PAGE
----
The Godfather of Global Transport: How Softbank Gains The Most From the Grab/Uber Deal in Southeast Asia
Japan’s SoftBank is positioning Uber in strategic locations where it doesn’t have to compete with local rivals
PHOTO CREDIT: Getty Images
Is this a case of keeping your friends close but your enemies closer?
Following weeks of speculation, Grab finally made it official today that it has acquired Uber’s Southeast Asia operations and assets in Cambodia, Indonesia, Malaysia, Myanmar, the Philippines, Singapore, Thailand, and Vietnam—the largest-ever deal of its kind in Southeast Asia.
Now the no. 1 online-to-offline (O2O) mobile platform in the region, Grab may have emerged victorious in the race toward getting the most market share in the ride-hailing app sector—as of press time, the company announced it has reached over 90 million downloads with more than five million drivers and agents now in its fleet—but a closer look at the deal reveals the real winner to be SoftBank Group Corp (SoftBank).
The Japanese technology conglomerate and late-stage start-up investor, whose total investments in Grab now amount to $1 billion, had closed its long-pending $9 billion deal with Uber in late December 2017. According to Crunchbase, the massive investment brought with it a series of changes, the most notable of which have been SoftBank effectively becoming Uber’s largest shareholder at 15% and Rajeev Misra, a member of SoftBank’s board of directors, taking a board seat at Uber.
As the Grab and Uber merger gives Uber a 27.5% stake in Grab, the deal fits in well with SoftBank’s rather clever plan to position Uber as the leading ride-hailing app in strategic locations around the world where it does not have to compete with local players. By the same token, the local competitors that Uber was trying to wrest customers away from will also gain from Uber’s exit. Yet the ultimate winner will be Softbank, pulling the strings from Tokyo and London, whose investments in both Uber and its erstwhile local rivals will rise in value as the fierce competition for ride-hailing apps abates in key Asian markets.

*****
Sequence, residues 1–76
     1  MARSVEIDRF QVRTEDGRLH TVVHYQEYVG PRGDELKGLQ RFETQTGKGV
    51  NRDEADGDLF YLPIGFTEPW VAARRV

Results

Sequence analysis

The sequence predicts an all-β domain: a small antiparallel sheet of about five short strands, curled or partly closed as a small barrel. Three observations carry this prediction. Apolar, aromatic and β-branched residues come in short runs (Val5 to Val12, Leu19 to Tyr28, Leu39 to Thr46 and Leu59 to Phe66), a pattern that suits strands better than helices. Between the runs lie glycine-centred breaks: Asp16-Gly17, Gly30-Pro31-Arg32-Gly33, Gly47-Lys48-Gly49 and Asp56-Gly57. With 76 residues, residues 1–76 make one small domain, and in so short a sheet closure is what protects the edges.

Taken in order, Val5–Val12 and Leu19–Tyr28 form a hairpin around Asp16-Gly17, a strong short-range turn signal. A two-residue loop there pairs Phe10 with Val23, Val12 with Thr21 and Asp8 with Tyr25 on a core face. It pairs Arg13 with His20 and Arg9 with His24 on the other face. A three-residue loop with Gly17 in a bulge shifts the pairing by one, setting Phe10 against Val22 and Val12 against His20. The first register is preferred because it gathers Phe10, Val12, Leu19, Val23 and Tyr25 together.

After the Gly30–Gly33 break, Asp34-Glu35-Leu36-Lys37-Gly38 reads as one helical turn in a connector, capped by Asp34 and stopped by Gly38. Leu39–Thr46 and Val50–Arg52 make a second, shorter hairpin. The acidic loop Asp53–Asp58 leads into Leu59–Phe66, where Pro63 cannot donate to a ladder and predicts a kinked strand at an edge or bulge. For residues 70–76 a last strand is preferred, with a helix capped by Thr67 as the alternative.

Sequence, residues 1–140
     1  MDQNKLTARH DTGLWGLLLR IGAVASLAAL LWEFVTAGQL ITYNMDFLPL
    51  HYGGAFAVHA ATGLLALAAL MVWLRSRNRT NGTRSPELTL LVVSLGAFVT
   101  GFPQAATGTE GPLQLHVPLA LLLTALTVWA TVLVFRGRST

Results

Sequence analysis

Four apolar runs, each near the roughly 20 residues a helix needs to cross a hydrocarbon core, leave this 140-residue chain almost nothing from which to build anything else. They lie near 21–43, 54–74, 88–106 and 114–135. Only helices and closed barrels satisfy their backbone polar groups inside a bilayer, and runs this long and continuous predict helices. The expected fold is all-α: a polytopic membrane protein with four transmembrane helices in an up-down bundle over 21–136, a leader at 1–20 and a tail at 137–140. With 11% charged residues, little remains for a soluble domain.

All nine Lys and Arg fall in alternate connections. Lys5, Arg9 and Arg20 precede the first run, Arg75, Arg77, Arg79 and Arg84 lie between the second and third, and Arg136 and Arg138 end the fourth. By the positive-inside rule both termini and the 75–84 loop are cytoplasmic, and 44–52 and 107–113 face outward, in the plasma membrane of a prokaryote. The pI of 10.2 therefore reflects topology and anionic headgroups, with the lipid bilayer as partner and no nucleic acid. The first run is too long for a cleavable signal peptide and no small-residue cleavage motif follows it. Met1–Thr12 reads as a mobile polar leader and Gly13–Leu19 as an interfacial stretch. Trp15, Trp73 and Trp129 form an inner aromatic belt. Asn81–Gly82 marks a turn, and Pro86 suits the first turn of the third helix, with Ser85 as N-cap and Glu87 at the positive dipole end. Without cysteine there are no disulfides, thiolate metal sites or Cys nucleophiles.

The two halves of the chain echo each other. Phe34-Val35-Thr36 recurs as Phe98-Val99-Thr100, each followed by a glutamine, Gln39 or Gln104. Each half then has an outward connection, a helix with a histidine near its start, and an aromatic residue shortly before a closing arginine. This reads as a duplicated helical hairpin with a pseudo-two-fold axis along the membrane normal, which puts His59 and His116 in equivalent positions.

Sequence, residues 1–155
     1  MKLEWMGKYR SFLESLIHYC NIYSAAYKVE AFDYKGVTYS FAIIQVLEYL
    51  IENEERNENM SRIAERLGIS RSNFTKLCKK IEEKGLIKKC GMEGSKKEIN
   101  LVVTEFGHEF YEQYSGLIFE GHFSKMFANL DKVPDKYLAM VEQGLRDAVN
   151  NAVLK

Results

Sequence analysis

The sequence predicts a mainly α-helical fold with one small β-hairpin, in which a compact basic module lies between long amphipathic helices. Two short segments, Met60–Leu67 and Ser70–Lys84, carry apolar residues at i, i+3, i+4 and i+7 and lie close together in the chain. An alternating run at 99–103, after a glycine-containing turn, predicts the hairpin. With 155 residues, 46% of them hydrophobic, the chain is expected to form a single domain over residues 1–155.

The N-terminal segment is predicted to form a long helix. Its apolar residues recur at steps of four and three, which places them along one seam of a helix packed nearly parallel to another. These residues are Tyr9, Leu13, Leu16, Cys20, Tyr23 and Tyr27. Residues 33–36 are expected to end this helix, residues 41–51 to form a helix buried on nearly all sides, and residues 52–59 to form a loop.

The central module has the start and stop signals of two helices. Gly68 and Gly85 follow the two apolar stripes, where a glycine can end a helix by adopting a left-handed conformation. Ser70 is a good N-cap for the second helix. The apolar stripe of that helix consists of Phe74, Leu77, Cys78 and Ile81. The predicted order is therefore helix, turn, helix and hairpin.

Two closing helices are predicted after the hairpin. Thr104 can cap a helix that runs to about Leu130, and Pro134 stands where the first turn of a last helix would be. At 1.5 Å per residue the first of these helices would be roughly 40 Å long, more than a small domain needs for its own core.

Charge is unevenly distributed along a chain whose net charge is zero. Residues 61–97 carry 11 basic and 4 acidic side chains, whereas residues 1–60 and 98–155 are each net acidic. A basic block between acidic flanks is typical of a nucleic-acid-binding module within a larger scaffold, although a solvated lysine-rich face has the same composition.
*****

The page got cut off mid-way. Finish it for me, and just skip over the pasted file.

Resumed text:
Setting the stage for Southeast Asia are SoftBank’s recent moves in China and India.
In May last year, SoftBank contributed $5 billion to the $5.5 billion fundraising round by China’s Didi Chuxing, and in December took part in another round of funding amounting to $4 billion, according to Bloomberg.
Uber had high hopes when it entered the Chinese market in 2013. But fierce competition from local rival Didi led Uber to sell its China operations in 2016 in exchange for 20% stake in Didi and a $1 billion investment from the Chinese ride-hailing company.
In India, local transportation app Ola scored $2 billion in fresh funding from investors, including SoftBank in 2017 in a bid to shore up its lead against Uber. Though Uber hasn’t thrown in the towel just yet, Ola is racing ahead as it operates in 110 cities compared to Uber’s 31 and has over a million drivers crushing Uber’s 450,000, according to data from Quartz.
The battle isn’t quite over for SoftBank just yet. Grab may now have enviable market share in Southeast Asia’s ride-sharing market, but there’s still Indonesia’s now-$5 billion market leader Go-Jek to contend with.
Backed by Google and Tencent, Go-Jek has yet to expand across Southeast Asia. In December 2017, the company announced plans to enter the Philippines in 2018. When it does, competition between the two start-ups may first kick-off in the ride-hailing category, but with both Grab and Go-Jek making more investments into food delivery, logistics, and mobile payments, the bigger race will be: Who will win the larger prize of Southeast Asia’s on-demand economy? No doubt SoftBank will have a say.